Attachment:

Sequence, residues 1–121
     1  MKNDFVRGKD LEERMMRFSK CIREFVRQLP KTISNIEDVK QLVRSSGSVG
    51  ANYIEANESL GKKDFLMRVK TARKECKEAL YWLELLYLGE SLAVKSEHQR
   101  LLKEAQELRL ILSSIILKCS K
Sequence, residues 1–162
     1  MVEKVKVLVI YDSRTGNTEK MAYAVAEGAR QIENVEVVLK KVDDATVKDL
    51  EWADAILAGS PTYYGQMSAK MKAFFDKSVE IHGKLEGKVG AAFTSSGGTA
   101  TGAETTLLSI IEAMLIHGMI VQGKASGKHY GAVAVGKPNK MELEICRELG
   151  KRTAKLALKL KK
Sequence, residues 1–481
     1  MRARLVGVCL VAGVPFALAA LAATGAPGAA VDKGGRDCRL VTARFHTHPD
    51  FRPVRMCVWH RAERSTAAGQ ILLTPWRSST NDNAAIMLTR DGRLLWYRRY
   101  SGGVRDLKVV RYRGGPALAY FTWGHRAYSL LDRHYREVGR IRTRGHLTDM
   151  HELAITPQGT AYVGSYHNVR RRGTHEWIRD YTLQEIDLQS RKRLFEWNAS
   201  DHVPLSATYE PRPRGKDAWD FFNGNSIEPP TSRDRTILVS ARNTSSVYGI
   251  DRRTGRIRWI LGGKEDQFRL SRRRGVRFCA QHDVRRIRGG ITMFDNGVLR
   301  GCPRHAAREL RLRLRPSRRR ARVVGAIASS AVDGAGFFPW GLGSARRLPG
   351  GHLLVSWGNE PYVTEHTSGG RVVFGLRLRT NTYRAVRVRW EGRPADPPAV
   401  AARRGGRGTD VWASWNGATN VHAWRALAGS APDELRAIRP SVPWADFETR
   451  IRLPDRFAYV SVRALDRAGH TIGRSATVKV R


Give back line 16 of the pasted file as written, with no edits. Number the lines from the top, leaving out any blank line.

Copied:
   251  DRRTGRIRWI LGGKEDQFRL SRRRGVRFCA QHDVRRIRGG ITMFDNGVLR